Company news in brief
18 February 2020 | Business
Copper miner First Quantum Minerals Ltd, which in the past has been in talks with a Chinese company about a possible sale of assets, has said discussions to sell minority stakes in its Zambian mines have stalled amid the coronavirus outbreak in China.
The Canadian miner last September disclosed it was in talks with China's Jiangxi Copper Co Ltd for a potential sale of minority interests in its Kansanshi and Sentinel mines.
"Any actual face-to-face conversations haven’t been able to take place or even be arranged," First Quantum president Clive Newall told analysts on Friday. He did not name any specific company.
Toronto-listed First Quantum is eyeing asset sales and partnerships as it looks to reduce net debt that swelled to US$7.6 billion as of year-end 2019 after finishing construction of its massive Cobre Panama mine.
The miner will publish a technical report on expanding the Kansanshi mine, Africa's largest, by the end of the first quarter this year but will not make a decision for at least three years as it prioritises debt reduction, chief executive officer Philip Pascall said. No expansion is needed until the end of 2024, he said.
First Quantum on Thursday posted a surprise profit, helped by higher sales and expanding production at Cobre Panama. – Nampa/Reuters
GM to wind down in three countries
General Motors Co is retreating from more markets outside of the United States and China, saying on Sunday that it will wind down sales, design and engineering operations in Australia and New Zealand and retire the Holden brand by 2021.
It also said that China's Great Wall Motor Co Ltd had agreed to buy GM's Thailand manufacturing plant.
The company expects to incur net cash charges of about US$300 million in connection with the changes, and total cash and non-cash charges of US$1.1 billion. – Nampa/Reuters
Kraft Heinz's credit rating cut to 'junk'
Kraft Heinz Co's debt rating was cut to "junk" by global credit ratings agency Fitch on Friday, a day after the ketchup and sausage maker reported lower-than-expected quarterly sales and wrote down the value of some businesses.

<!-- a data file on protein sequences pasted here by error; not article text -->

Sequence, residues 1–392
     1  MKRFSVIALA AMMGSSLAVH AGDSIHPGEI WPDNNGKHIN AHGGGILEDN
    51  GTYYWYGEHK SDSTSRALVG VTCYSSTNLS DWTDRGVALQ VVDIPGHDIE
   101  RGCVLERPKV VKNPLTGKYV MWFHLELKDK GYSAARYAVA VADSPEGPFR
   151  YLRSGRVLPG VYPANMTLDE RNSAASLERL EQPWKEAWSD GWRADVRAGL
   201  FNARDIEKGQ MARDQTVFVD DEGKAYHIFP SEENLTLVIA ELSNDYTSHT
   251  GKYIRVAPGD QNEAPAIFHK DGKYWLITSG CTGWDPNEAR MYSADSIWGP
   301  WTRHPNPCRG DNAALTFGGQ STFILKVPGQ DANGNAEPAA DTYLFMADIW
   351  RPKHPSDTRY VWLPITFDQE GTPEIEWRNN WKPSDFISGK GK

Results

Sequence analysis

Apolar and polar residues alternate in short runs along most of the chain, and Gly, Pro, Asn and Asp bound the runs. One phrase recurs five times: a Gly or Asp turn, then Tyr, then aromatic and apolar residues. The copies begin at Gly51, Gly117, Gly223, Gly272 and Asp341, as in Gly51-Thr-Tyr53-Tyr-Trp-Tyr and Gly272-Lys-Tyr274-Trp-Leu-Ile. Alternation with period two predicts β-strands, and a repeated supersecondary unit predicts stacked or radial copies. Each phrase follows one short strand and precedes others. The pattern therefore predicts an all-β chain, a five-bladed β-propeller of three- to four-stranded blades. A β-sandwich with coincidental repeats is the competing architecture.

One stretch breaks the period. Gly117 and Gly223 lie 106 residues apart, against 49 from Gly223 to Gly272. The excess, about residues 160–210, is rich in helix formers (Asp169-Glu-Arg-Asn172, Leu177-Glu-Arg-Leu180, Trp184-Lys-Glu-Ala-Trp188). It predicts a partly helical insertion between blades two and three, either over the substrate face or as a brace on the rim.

Chicago-based Kraft Heinz, which last year took a US$15.4 billion writedown of key brands including Oscar Mayer hot dogs, has been struggling to grow sales as consumers shift to healthier options and private-label brands.
"Following Kraft's commentary around 2020 operating headwinds and its commitment to maintain its dividend, Fitch estimates the company may need to divest up to 20% of its projected 2020 EBITDA to support debt reduction," the agency said.
Kraft Heinz said on a post-earnings call on Thursday that currency fluctuations, divestitures, supply chain costs and bonuses related to the turnaround would likely lead to a decline of about US$460 million in full-year earnings before interest, taxes, depreciation and amortisation (EBITDA).
Fitch lowered its long-term rating on the company to 'BB+' from 'BBB-', but kept its outlook at stable. Separately, Moody's also revised its rating outlook to "negative" from "stable", saying it expects falling operating performance and high debt levels to continue through 2020. As of August, Kraft Heinz is rated "BBB-" by S&P, the lowest investment-grade rating. – Nampa/Reuters
Renault reports net losses of 141 mln
French carmaker Renault went into the red last year, the first time in a decade, with net losses of 141 million euro (US$152 million) due to lower sales and a falling contribution from its Japanese partner Nissan.
Renault said its outlook for 2020 was bleak with a fresh fall in operational profitability, a statement said Friday.
Last year saw group operating margin drop from 6.3% to 4.8%, though Renault stated that it "achieved its targets, revised in October," despite "a troubled context."
The auto giant in 2019 marked its first full year without former emblematic CEO Carlos Ghosn, arrested in Japan in November 2018 over allegations of financial misconduct, including under reporting salary and misuse of company assets at Renault partner Nissan. – Nampa/AFP
China battery recycler GEM to make disinfectants
China's GEM Co Ltd, best known as a recycler of batteries for electric vehicles and producer of cobalt chemicals used in them, said on Sunday it had been given a four-month licence to make disinfectant in coronavirus-hit Hubei province.
The surprise addition to the product portfolio of GEM, which has a factory in Jingmen in central Hubei, comes amid tight disinfectant supply after the virus outbreak that has killed more than 1 600 people in China, the company said in a Shenzhen Stock Exchange filing.
The government in Hubei, the epicentre of the outbreak, last week pushed back the date for businesses in the province to resume work to Feb. 21 and reiterated on Sunday that firms could not restart without permission.
A survey of 16 Chinese cobalt smelters - excluding GEM's Jingmen facility - by the cobalt branch of the China Nonferrous Metals Industry Association last week showed that six had not restarted production as of Feb. 12 after an extended Lunar New Year holiday, while two more were operating at less than 50%.
GEM, which bought around 21 000 tonnes of cobalt last year, has been unable to receive shipments at the port of Jingzhou in Hubei in the wake of the outbreak. – Nampa/Reuters